MILITARY CHIEF HINTS AT PNP BLUNDER IN MAMASAPANO
President Benigno Aquino 3rd is not accountable for the botched operation that left dead dozens of police commandos in a clash with Muslim separatist rebels in Mamasapano, Maguindanao, on January 25.
The conclusion came from the Armed Forces of the Philippines (AFP) Fact-Finding Committee that looked into the role of the President in the failed mission to arrest two international terrorists that claimed the lives of 44 elite Special Action Force (SAF) troops.
In clearing Aquino on Wednesday, military chief Gen. Gregorio Pio Catapang Jr. said the Commander-in-Chief is not liable because he has not broken the chain of command in dealing with the Mamasapano carnage.
If blame was to be assigned, Catapang added, it should be to the AFP and the Philippine National Police (PNP) for their lack of coordination.
“I don’t think [the President is accountable]because you know you were ordered by the President to coordinate and I think we failed in that order to coordinate,” the AFP chief said.
“There was no break in the chain of command,” he told a news conference.
Catapang disclosed that he has been informed by the President about the Mamasapano operation as early as “maybe November 18” last year.
But he said now-sacked SAF chief and Police Director Getulio Napenas had neither provided the AFP with details of the operation nor coordinated with the military ground commander on the day of the mission.
“We were there when they needed us. The problem is the coordination came too little, too late, because they asked for reinforcement when there was already an ongoing firefight,” Catapang added.
The AFP Fact-Finding Committee, according to him, also exonerated the Army’s 6th Infantry Division (ID) and the Western Mindanao Command (Westmincom) of allegations by some PNP men that they did not heed the police commandos’ call for reinforcement at the height of the gunbattle.
In November 2010, then-AFP chief Gen. Ricardo David and former PNP Director General Raul Bacalzo signed a joint letter directive creating the Joint Peace and Security Coordinating Center, which among others, mandates full coordination, cooperation, consultation and collaboration down to the lowest level of command in addressing all security and peace and order problems.
Under Republic Act 8551, the military and the police are also mandated to provide active support to each other in terms of internal security operations and in dealing with lawlessness.
Catapang said he has submitted a copy of the AFP committee’s investigation report to the President but the report would not be released to the public because it is confidential and in deference to an ongoing probe by the PNP’s Board of Inquiry.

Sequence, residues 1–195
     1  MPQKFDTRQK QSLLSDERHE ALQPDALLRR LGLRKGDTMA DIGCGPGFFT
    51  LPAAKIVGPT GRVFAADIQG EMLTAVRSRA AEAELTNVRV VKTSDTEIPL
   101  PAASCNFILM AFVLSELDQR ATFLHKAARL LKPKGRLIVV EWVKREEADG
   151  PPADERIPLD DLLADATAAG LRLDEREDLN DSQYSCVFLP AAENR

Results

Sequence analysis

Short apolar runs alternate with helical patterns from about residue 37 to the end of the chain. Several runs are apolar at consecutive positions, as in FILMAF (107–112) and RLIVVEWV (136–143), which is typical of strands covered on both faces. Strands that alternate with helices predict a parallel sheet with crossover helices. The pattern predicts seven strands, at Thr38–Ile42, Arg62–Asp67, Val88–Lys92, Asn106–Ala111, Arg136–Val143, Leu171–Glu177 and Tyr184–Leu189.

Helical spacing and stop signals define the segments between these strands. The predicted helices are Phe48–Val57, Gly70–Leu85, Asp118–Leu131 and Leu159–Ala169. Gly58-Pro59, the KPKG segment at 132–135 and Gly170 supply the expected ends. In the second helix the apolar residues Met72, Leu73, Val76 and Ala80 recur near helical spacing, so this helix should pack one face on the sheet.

He added that there were no lapses or shortcomings on the part of soldiers, apparently pointing to an operational blunder on the part of the PNP for its supposed failure to coordinate and share information about the presence of Malaysian terrorist Zulkifli bin Hir, alias Marwan and local terrorist Basit Usman in Tukanalipao barangay (village) in Mamasapano town.
Catapang said a distress call was made by Napenas to 6th ID chief Maj. Gen. Gaudencio Pangilinan and another one by PNP Officer-in-Charge and Deputy Director General Leonardo Espina to Westmincom commander Lt. Gen. Rustico Guerrero.
Both calls were made at a time when the SAF’s outnumbered blocking force was already at the mercy of some 1,000 well-positioned rebels from the Moro Islamic Liberation Front (MILF) and Bangsamoro Islamic Freedom Fighters (BIFF).
“Well, you know, when you go to war, it takes week to prepare. [It is not a] party [where you say, ‘Bro, let’s go to a party tonight, bring a bottle of red wine as your]share . . . It will take time for coordination because we go there, we will . . . skirmishes with the MILF,BIFF, we do not know what will happen next,” Catapang said.
“They [commandos]were there to execute a law enforcement operation but unfortunately they ran into the MILF, BIFF and other armed group[s]. So it really was a very difficult situation and we just have to manage it,” he added.
According to Catapang, they could not also use their air assets to find the exact battle location because they could be recognized as reinforcement for the SAF and would be shot down.
“The area is really hard to manage or hard to traverse, it is a marshland and then we have to come in full force and then of course there was ongoing negotiation for a ceasefire [between]the rebels and the CCCH (Coordinating Committee on Cessation of Hostilities). So we have to give primacy [to]that ceasefire agreement, that’s why it took [time]to tell everyone to put a stop [to]the fighting,” the military chief said.
Catapang admitted that the military reinforcement, which included armored personnel carriers, was there not to join the fight but to help extricate the dead and wounded SAF members under the existing ceasefire agreement between the government and the MILF.
He pointed out that coordination can only be disregarded if the area of operation is not within an MILF area or territory.
But in the Mamasapano case, the AFP chief said, there was need to coordinate because the SAF entered an MILF area where the rebel group’s 105th, 106th and 118th base commands are stationed.